Exceptions to the Law of Definite Proportions

Despite being a building block in the development of chemistry. The law of definite proportions does not hold true for all chemical compounds. Some exceptions to this law are listed below

  1. Some non-stoichiometric compounds have varying compositions of elements between samples. These compounds obey the law of multiple proportions instead.
  2. One such example is wustite, an oxide of iron with the chemical formula FeO. The ratio of iron and oxygen atoms can range from 0.83:1 to 0.95:1.
  3. This is caused by the crystallographic vacancies in the samples caused by a disorderly arrangement of atoms.
  4. Various samples of a compound may vary in the isotopic composition of its constituent elements. This can lead to fluctuations in the mass ratios.
  5. The differences in the mass ratios between samples are very useful in geochemical dating. Due to the preferential concentration of isotopes in many deep Earth and crustal processes.
  6. This also occurs in many oceanic, atmospheric and even astronomical processes. Despite the effects being quite small, the challenges in the measurement of the effects have been overcome by modern instrumentation.
  7. Since natural polymers can vary in their compositions. Various samples can show different mass proportions.

Examples of Law of Definite Proportion

Here are the some examples of law of definite proportion:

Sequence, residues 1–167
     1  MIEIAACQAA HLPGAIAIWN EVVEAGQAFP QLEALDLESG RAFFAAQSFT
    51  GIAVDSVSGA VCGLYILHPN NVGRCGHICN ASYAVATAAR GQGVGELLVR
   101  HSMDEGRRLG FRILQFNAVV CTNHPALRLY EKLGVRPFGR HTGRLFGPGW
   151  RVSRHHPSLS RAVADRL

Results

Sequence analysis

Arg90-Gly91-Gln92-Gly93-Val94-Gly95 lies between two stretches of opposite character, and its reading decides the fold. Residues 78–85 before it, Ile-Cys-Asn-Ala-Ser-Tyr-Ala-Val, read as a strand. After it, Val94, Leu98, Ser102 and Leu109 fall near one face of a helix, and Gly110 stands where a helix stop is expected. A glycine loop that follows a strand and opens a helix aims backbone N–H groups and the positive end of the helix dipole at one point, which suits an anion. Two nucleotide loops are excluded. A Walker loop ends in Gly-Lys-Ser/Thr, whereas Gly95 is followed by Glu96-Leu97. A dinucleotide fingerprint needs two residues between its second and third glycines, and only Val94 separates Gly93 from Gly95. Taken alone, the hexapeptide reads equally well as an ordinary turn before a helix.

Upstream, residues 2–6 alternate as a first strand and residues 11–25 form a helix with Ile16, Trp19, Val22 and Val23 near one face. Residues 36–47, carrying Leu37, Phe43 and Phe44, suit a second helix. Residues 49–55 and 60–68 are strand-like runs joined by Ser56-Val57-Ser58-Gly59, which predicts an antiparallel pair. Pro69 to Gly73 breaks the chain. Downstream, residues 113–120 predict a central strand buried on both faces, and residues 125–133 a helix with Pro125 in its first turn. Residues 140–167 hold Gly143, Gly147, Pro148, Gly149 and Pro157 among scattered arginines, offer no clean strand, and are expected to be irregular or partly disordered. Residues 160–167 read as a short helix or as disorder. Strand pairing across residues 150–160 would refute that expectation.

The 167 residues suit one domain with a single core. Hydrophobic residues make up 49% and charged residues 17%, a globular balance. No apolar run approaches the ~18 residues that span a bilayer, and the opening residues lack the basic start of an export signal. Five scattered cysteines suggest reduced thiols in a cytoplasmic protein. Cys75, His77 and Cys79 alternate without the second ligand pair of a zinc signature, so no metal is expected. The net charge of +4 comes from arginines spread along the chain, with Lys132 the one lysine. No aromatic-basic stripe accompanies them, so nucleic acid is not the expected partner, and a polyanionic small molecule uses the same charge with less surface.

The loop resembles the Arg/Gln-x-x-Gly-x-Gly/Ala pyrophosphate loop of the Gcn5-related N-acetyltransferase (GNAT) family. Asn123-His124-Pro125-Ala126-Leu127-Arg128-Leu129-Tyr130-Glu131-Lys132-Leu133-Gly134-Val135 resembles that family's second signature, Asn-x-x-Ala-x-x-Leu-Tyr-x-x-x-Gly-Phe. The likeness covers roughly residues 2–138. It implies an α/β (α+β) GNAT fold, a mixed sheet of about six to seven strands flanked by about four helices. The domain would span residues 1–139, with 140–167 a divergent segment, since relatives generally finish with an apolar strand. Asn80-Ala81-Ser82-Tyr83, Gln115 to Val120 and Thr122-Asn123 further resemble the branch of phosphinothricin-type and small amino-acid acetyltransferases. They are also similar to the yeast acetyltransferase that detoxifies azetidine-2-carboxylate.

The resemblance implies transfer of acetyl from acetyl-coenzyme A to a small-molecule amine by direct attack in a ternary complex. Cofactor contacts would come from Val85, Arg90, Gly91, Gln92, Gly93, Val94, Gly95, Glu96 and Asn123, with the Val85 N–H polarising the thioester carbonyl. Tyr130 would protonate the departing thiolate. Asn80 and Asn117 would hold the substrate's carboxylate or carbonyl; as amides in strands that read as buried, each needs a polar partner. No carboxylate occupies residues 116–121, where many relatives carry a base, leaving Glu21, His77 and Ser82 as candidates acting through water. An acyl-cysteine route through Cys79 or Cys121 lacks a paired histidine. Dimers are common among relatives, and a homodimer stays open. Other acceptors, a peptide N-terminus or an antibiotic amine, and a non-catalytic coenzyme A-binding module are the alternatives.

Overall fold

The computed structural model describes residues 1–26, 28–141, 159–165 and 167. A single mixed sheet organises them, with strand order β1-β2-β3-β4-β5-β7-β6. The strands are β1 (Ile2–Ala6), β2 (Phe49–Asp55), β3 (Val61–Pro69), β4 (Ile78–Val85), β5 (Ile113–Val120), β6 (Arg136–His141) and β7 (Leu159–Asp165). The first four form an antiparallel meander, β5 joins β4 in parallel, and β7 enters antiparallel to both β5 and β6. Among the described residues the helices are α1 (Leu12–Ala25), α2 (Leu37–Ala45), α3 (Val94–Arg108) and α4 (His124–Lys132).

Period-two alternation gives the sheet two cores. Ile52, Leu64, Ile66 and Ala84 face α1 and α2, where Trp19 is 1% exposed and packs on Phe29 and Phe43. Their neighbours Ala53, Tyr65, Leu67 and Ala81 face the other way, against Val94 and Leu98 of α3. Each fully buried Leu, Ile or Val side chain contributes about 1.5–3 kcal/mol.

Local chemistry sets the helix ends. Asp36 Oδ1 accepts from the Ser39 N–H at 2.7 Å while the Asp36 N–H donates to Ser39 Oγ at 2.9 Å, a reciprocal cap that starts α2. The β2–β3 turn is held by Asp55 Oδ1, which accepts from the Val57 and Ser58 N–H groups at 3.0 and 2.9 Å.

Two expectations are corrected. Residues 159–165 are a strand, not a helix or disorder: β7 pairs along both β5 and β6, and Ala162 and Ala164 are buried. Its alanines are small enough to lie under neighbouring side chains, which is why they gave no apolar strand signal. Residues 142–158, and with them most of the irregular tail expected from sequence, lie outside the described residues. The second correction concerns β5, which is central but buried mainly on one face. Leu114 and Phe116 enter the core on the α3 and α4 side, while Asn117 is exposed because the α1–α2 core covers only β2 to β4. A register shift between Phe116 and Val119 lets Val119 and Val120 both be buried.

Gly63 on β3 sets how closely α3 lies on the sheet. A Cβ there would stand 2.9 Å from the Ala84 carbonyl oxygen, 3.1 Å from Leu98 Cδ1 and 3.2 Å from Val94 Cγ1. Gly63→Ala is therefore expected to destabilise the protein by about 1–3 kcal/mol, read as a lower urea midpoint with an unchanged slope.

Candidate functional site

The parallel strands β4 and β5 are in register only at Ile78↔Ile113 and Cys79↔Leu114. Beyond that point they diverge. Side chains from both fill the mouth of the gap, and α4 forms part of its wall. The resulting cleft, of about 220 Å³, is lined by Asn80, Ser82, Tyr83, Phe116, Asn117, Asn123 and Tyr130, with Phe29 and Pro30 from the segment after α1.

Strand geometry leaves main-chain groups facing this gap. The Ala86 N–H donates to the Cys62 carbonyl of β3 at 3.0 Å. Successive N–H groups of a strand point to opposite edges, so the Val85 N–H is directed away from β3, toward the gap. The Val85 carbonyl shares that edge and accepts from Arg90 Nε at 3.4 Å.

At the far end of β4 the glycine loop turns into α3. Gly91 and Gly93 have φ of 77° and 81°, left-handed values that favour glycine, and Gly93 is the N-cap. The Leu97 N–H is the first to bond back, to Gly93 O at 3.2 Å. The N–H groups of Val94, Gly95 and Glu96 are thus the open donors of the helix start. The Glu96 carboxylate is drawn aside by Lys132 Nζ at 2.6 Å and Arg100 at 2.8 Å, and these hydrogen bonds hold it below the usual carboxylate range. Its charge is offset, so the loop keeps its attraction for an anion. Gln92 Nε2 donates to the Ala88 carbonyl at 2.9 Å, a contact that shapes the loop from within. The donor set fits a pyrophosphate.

examples of law of definite proportion

Example-1

  • Any sample of pure water contains 11.19% hydrogen and 88.81% oxygen by mass. It does not matter where the sample of water came from or how it was prepared. Its composition, like that of every other compound, is fixed.

Example-2

  • Another example is carbon dioxide. This gas is produced from a variety of reactions, often by the burning of materials. The structure of the gas consists of one atom of carbon and two atoms of oxygen. Carbon dioxide production is of interest in many areas, from the amount we breathe to the amount of gas produced by burning wood or fossil fuels. By knowing the exact composition of carbon dioxide, we can predict the effects of different chemical processes.

Example-3

  • In a nitrogen dioxide (NO2) molecule, the number of nitrogen and oxygen atoms is 1:2, but the mass ratio is 14:32 (or 7:16).

Example-4

  • Salt, written as the chemical compound NaCl, is made up of Sodium (Na) and Chlorine (Cl) atoms. The same proportion of sodium and chlorine must always be combined in order for salt to be created.

Example-5

  • Sulfuric acid is made up of the individual elements of hydrogen, sulphur, and oxygen. The chemical compound is written H2SO4. The same proportions of hydrogen, sulphur, and oxygen must be combined to create sulfuric acid.

Example-6

  • Ammonia is a common household item made up of the elements hydrogen and nitrogen. It is written as NH3, meaning that there is one atom of nitrogen combined with 3 atoms of hydrogen. Anhydrous ammonia contains 82% nitrogen and 18% hydrogen. Any other combination of hydrogen and nitrogen would result in an entirely different chemical compound.

Example-7

  • Vinegar is another common household item. And its chemical compound is C2H4O2, meaning that it is made of 2 atoms of carbon, 4 atoms of hydrogen, 2 atoms of oxygen. No other combination of carbon, hydrogen, and oxygen could be combined to create vinegar.

Example-8

  • Glucose is a chemical compound that is written C6H12O6. This means that for a substance be glucose, and it must be comprised of 6 atoms of carbon, 12 atoms of hydrogen, and 6 atoms of oxygen. Carbon makes up 40.001% of glucose; hydrogen makes up 6.714% of glucose, and oxygen makes up 53.285% of glucose. It wouldn’t work if you tried to create glucose with the carbon and oxygen equally represented by combining 45% carbon, 45% oxygen, and 10% hydrogen; the chemical compound that would result would not be glucose.